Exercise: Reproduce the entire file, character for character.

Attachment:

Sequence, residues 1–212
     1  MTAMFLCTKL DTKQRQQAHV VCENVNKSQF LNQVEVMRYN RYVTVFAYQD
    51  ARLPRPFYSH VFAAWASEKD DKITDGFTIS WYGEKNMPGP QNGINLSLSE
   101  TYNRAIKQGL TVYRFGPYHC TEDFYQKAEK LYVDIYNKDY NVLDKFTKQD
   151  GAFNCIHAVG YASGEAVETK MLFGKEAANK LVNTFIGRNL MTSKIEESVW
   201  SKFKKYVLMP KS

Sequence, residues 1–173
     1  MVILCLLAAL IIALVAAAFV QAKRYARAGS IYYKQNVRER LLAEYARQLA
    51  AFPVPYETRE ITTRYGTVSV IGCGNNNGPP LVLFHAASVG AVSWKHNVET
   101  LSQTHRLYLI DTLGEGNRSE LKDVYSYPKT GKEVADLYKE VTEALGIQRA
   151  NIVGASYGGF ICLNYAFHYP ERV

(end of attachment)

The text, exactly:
Sequence, residues 1–212
     1  MTAMFLCTKL DTKQRQQAHV VCENVNKSQF LNQVEVMRYN RYVTVFAYQD
    51  ARLPRPFYSH VFAAWASEKD DKITDGFTIS WYGEKNMPGP QNGINLSLSE
   101  TYNRAIKQGL TVYRFGPYHC TEDFYQKAEK LYVDIYNKDY NVLDKFTKQD
   151  GAFNCIHAVG YASGEAVETK MLFGKEAANK LVNTFIGRNL MTSKIEESVW
   201  SKFKKYVLMP KS

Sequence, residues 1–173
     1  MVILCLLAAL IIALVAAAFV QAKRYARAGS IYYKQNVRER LLAEYARQLA
    51  AFPVPYETRE ITTRYGTVSV IGCGNNNGPP LVLFHAASVG AVSWKHNVET
   101  LSQTHRLYLI DTLGEGNRSE LKDVYSYPKT GKEVADLYKE VTEALGIQRA
   151  NIVGASYGGF ICLNYAFHYP ERV